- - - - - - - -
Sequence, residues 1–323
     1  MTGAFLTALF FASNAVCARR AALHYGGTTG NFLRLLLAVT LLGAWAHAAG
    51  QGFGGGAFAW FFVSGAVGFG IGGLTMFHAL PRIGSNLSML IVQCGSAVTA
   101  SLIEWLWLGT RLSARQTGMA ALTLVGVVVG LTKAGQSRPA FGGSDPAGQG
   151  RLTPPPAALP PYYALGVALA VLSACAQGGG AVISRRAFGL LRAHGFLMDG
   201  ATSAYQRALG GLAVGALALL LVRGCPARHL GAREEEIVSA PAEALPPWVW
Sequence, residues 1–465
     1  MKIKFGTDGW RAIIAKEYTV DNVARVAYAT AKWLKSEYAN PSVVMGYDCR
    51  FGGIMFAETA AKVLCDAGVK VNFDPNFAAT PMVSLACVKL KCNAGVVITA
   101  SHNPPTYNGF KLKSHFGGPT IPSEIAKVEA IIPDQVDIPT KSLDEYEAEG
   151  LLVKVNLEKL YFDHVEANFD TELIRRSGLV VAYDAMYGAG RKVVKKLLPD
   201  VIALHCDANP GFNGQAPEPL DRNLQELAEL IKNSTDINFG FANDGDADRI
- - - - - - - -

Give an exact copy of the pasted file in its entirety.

Sequence, residues 1–323
     1  MTGAFLTALF FASNAVCARR AALHYGGTTG NFLRLLLAVT LLGAWAHAAG
    51  QGFGGGAFAW FFVSGAVGFG IGGLTMFHAL PRIGSNLSML IVQCGSAVTA
   101  SLIEWLWLGT RLSARQTGMA ALTLVGVVVG LTKAGQSRPA FGGSDPAGQG
   151  RLTPPPAALP PYYALGVALA VLSACAQGGG AVISRRAFGL LRAHGFLMDG
   201  ATSAYQRALG GLAVGALALL LVRGCPARHL GAREEEIVSA PAEALPPWVW
Sequence, residues 1–465
     1  MKIKFGTDGW RAIIAKEYTV DNVARVAYAT AKWLKSEYAN PSVVMGYDCR
    51  FGGIMFAETA AKVLCDAGVK VNFDPNFAAT PMVSLACVKL KCNAGVVITA
   101  SHNPPTYNGF KLKSHFGGPT IPSEIAKVEA IIPDQVDIPT KSLDEYEAEG
   151  LLVKVNLEKL YFDHVEANFD TELIRRSGLV VAYDAMYGAG RKVVKKLLPD
   201  VIALHCDANP GFNGQAPEPL DRNLQELAEL IKNSTDINFG FANDGDADRI